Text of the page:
Daniel Díaz: Bass, organ, Fender Rhodes, drums, ukulele, synth, vocals.
Alejandro Spinelli: Guitars (electric and acoustic)
Marcelo De Bonis: Flugel Horn
The rock band Expreso Nova, formed in Buenos Aires in the eighties makes its «come-back» in 2021 with a new single: Mil Sonidos
It might be a come-back on making music together, but in career/discography terms it’s a late day debut: after 33 years of a regenerative pause, the quartet finally makes their first song officially available on April 20th 2021.
Thanks for listening, love
DD, March 2021
Expreso Nova, Lanus, Argentina 1986
Arranged by Daniel Díaz (with Chufit Spinelli and Marcelo De Bonis).Produced by Daniel Díaz.Recorded in Buenos Aires (Almagro y Abasto) and San Martín de los Andes (in Argentina), and París (France) during January to march 2021.
Download and streaming, choose your service: https://ffm.to/milsonidosSpotify link click here
This is Raul Barboza “European Trio”. We’ve been actively performing in France and abroad for the past decade, but we never recorded in the studio as a trio before (Raul and I did an album alone as a duo, Ruta 40, Norberto recorded with Raul on some of Barboza’s albums from the late 1990’s and Norberto and I have collaborated on each other’s records for a long time, most notably on Norberto Pedreira Trio).
After some shows in France a couple of years ago, we decided to go to the studio and informally perform our usual set-list, just for fun and to have a recorded souvenir of our more “free” improvised takes on some of Barboza’s standard “chamamés”.
I went back to those shelved sessions this year in order to choose the best takes and mix down the 4-track masters for a listening session with Raul and Norberto.
The relaxed, informal, warm (albeit rough at times), sensitive and fun feel, pleased us. So we decided to release it “as is”.
The cover art is a photo graciously proposed to us by American photographer Paul Hosefros (NY Times).
Swan Song is the final statement (and final physical release) by Daniel Diaz after The Years Alone and Seguundo Ciclo, in the same wolrd-jazz style.
Produced by Daniel Diaz
Recorded between 2009 and 2014 in Buenos Aires, Lanus and Villa Gesell (Argentina), Paris and Montreuil (France), Los Angeles (USA). Mixed and mastered 2015 in Paris.
Daniel Diaz: acoustic and electric Basss, acoustic and electric guitars, requinto, upright bass, acoustic and electric piano, keyboards, vibes, hang, harmonium, percussion, accordina, charango, ukulele, programming.
Steve Arguelles (UK) Drums Gustavo Bulgach (USA/Arg) Clarinet Patrick Bebey (Cameroun) Fender Rhodes Javier Estrella (Argentina) Drums Leandro Guffanti (Argentina) Soprano Sax Damian Jarry (France) Cello Line Kruse (Danemark) Violin David Lewis (Australia) Flugel Horn Olivier Manoury (France) Bandoneon Daniel Miguez (Argentina) Drums Norberto Pedreira (Arg/Fr) Guitar Bobby Rangell (USA) Alto Sax, flutes Luis Rigu (Arg/Fr) : Flutes Inor Sotolongo (Cuba) Congas Miguel Yanover (Argentina) Tenor Sax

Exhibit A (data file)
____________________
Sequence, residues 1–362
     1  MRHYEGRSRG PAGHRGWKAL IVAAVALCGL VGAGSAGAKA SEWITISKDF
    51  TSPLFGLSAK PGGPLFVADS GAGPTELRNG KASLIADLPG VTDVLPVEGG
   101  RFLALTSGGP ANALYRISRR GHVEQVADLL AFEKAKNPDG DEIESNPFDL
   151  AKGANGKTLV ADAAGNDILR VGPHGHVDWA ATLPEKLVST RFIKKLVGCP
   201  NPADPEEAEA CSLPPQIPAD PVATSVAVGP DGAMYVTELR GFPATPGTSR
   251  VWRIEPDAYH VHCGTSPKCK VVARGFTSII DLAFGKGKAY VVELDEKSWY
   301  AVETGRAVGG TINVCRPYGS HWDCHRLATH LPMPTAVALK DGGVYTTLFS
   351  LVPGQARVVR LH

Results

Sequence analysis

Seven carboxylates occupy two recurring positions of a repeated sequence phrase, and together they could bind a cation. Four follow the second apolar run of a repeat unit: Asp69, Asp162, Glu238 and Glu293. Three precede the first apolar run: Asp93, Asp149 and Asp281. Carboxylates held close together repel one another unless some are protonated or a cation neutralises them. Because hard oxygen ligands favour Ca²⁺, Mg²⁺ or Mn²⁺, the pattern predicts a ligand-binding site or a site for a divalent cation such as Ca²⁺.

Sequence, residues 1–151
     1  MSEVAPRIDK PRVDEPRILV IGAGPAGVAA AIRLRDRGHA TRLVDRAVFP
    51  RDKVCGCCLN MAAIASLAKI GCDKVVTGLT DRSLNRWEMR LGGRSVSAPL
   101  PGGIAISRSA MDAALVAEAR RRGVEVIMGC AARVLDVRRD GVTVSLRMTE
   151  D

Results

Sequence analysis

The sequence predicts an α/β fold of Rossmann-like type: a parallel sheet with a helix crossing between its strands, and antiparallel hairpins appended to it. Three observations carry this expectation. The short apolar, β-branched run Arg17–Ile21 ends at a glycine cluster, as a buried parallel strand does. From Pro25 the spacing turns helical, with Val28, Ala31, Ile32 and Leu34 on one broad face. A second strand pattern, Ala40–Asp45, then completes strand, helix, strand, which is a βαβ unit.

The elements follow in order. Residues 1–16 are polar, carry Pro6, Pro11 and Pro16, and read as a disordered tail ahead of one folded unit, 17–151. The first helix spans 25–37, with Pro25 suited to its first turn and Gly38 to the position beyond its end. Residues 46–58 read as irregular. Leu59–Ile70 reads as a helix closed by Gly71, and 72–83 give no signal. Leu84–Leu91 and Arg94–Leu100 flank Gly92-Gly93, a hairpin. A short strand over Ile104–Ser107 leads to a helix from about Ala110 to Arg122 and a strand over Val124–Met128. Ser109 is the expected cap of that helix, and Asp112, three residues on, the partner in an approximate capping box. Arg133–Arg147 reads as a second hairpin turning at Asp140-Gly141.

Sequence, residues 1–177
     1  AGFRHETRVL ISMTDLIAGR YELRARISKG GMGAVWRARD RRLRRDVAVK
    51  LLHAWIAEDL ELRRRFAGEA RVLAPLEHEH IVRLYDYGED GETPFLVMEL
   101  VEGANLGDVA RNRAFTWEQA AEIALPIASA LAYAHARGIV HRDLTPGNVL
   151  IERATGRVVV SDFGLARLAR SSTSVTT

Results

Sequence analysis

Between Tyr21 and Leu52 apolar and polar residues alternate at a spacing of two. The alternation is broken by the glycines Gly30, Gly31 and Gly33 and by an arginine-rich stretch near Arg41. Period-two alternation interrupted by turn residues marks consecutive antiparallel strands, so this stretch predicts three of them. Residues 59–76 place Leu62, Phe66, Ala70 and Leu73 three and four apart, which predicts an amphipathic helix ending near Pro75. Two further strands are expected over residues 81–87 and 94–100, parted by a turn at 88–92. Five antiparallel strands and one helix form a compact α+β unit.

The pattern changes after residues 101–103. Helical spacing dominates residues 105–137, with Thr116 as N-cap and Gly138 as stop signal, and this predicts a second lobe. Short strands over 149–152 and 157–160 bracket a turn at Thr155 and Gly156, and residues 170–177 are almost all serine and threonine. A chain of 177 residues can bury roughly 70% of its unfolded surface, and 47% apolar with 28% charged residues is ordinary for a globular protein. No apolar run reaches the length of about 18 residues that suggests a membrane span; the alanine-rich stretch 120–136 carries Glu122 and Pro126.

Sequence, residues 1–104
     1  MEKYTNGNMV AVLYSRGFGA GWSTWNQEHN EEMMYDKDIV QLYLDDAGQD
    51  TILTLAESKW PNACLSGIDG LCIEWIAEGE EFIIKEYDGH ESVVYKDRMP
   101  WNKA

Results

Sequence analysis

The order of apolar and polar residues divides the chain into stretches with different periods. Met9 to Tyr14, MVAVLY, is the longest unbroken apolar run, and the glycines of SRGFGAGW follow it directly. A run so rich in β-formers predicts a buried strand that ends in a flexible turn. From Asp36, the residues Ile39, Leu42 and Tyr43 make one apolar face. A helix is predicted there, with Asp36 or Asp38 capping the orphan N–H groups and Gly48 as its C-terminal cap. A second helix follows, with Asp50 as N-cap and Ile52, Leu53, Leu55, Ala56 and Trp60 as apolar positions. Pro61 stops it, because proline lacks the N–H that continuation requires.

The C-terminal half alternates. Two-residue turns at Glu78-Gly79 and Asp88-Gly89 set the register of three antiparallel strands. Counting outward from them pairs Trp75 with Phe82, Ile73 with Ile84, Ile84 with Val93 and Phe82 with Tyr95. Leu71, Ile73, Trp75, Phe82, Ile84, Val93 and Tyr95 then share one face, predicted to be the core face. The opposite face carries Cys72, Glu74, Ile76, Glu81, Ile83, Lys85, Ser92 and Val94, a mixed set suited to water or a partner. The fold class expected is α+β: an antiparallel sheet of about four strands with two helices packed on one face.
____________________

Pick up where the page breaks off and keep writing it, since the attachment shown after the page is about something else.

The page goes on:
This album is called Swan Song. Here you will find the last chapter in the research I started with my very first album in 1993. In terms of style, Swan Song can be considered as the third and last part of a trilogy (started with The Years Alone and SegundoCiclo in between) of solo “composer” albums where I can also show my skills as a multi-instrumentalist and arranger, and gather compositions written in different places and times, with varied styles and instrumentations.
Like the two aforementioned discs, I asked for help from some friends that I like (people with whom I played and shared stages and recording studios over the years, and a couple of new partners). These great musicians gave life to these songs and added musicality and talent to Swan Song. They managed to interpret the meaning I intend of all this: simplicity and beauty prevail over technique. Here you’ll find simple and catchy instrumental compositions with strong, sensitive melodies, passionate and sophisticated harmonies and atmospheres, rather gentle rhythms and a variety of instruments and sounds. In Swan Song there are tracks with odd and irregular metric, unexplained modulations, dozens of time-signature changes, erroneous dissonances, tempo shifts, etc. But hopefully it all goes unnoticed (only visible to the musicians who read the sheet music and to those who try to transcribe this music).
So it is ok if this long record seem banal and simple to some listeners. But may the sensitivity it hides reach the hearts of some. It was made with all my soul and heart, I swear